SHE & HIM: I'm on a roll in this sub-genre, so why not?  Vol. 2 was just as charming as Vol 1.  She's still a talented songwriter, has untapped-on-record potential as a singer and is still indies "It" girl.  He's still a great arranger, whose understated guitar work supports her beautifully.  SONNY & THE SUNSETS don't have the same star power, but much of the same vintage charm on songs like "Too Young to Burn."

TALLEST MAN ON EARTH: Swedish Kristian Matsson gets his share of Bob Dylan comparisons, which are always an unfair burden to carry.  But this year's LP, The Wild Hunt, and EP, Sometimes the Blues Is Just a Passing Bird, suggest he's good enough to move past them eventually.

BLACK KEYS never fully grabbed me until this year (they likely suffered from an unfair, involuntary association with the White Stripes).  Brothers broadens the band's sonic pallette and veers a bit from the pure rootsy blues influences of their past stuff into vintage R & B -- including a cover of Jerry Butler's "Never Gonna Give You Up" -- which may have been what turned the bulb on over my head this time.

BROKEN SOCIAL SCENE re-collectivized after a semi-hiatus with Forgiveness Rock Record, and it was worth the wait.  "Forced to Love" is a monster and may be one of my Top 5 songs of the year.

MUMFORD & SONS: Brit-folk rock was "hot" this year, led by this quartet (though Noah & the Whale has been around a bit longer, iirc).  Their Sigh No More came out in late 2009 in the UK, but dropped here in 2010. LAURA MARLING, a truly talented 20-year-old who was once part of Noah's lineup, is wise beyond her years on I Speak Because I Can. STORNOWAY doesn't wear trad folk influences as heavily, but deserve mention here, too.

ARIEL PINK'S HAUNTED GRAFFITI: Pink, like Wavves above, moves beyond the lo-fi home recordings on Before Today and makes the most of it.  Ostensibly influenced by bands like The Cure, Sisters of Mercy and Bauhaus, I hear a fair amount of more mainstream 80s Brit-rock in the mix, with enough psychedelic and near-proggy accents to keep it from sounding derivative of anything.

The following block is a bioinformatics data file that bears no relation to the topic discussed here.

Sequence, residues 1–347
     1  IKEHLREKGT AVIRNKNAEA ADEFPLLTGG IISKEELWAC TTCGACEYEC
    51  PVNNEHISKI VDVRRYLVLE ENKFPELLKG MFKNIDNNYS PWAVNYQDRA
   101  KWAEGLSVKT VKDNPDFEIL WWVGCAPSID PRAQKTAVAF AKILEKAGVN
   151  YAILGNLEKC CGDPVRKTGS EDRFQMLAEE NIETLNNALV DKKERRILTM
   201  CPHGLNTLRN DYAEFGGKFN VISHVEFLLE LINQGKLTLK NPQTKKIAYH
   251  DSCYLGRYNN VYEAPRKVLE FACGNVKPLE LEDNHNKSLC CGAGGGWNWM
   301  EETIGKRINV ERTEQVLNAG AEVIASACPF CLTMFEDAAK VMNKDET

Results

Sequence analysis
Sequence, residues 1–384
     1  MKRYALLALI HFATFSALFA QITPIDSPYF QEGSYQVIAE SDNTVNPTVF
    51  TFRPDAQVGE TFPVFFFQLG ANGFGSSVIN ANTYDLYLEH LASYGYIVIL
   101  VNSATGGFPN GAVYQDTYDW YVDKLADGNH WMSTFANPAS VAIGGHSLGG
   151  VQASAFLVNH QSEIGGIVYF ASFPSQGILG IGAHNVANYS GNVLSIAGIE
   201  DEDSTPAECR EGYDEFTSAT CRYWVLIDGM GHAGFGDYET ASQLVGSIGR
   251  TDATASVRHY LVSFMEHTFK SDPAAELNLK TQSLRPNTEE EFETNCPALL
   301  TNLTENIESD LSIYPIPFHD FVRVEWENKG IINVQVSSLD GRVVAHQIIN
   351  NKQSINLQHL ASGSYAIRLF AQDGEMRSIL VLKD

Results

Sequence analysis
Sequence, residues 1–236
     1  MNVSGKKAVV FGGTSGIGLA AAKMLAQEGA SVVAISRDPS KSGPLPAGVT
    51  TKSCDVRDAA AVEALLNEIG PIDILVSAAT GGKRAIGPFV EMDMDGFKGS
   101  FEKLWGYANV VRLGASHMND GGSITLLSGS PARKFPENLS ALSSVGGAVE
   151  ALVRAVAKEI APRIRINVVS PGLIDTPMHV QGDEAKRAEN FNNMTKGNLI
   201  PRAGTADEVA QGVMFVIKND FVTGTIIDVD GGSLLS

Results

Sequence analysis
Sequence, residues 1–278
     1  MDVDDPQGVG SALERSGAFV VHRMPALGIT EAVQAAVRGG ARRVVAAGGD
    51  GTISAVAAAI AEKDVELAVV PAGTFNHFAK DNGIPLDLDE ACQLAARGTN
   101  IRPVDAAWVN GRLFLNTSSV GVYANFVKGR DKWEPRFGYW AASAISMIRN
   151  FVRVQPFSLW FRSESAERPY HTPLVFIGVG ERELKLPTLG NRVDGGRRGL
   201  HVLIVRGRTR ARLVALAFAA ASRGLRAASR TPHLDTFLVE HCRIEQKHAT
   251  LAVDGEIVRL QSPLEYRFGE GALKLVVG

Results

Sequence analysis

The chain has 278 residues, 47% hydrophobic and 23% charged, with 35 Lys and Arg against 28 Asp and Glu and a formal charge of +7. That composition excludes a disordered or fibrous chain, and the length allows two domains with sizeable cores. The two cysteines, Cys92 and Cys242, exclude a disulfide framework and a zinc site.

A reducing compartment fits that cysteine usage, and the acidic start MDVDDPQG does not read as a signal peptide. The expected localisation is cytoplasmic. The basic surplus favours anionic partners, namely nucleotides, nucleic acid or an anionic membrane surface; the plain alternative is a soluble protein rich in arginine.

DALE EARNHARDT, JR.,JR. may be a duo from Detroit with only an EP (Horse Power) and some remixes to its name, but if they keep cranking out McCartney-eque gens like "Simple Girl," this won't be their last appearance on my Faves list.

KINGS GO FORTH: It really wouldn't be my Faves list without some classic R & B revivalism, and this year it comes from... Milwaukee.  However, SHARON JONES & THE DAP-KINGS get an honorable mention for another solid effort on I Learned the Hard Way.

THE MYNABIRDS: Laura Burhenn, formerly of Georgie James, long imagined a band that sounded like Neil Young playing Motown.  What We Lose in the Fire We Gain in the Flood doesn't truly sound like that, but has enough of a Dusty (Springfield) vibe on songs like "Number's Don't Lie" to land right in my wheelhouse.

A CHARLIE BROWN THANKSGIVING:  It's always somewhere on the net.

NOW SHOWING: The long weekend's wide releases include Tangled, which is currently scoring 89 percent on the ol' Tomatometer; Burlesque, which is currently scoring 31 percent; Love and Other Drugs, which is scoring 42 percent; and Faster, scoring 43 percent.

THANKSGIVING has a lot of myths, both traditional and the new "Pilgrims were evil" o­nes taught in some public schools. Not to mention the fights over kindergarteners dressing as Native Americans.  However, if you read the journal of William Bradford -- who served some 35 years as governor of the Pilgims' colony -- you quickly discover that the Pilgrims' relationship with the natives was complex.  Ultimately, Bradford quieted internal discontent by doing away with the collectivism of a company town and granting property rights.

CUTOUT BIN: From Ray Davies to the Jesus & Mary Chain, from Big Star to Billy Joel, from Sly & the Family Stone to King Crimson, plus Cheap Trick, the Feelies, the Ides of March, ELO, the Plimsouls and more -- this weekend's fortuitous finds are streaming from the Pate page at the ol' HM.

1160 Reads

Sufjan Stevens, Clinic, Joe Strummer, Billie Holiday, Flying Snakes   Printer-friendly page   Send this story to someone
Wednesday, November 24, 2010 - 08:00 AM
Posted by: Karl

Karl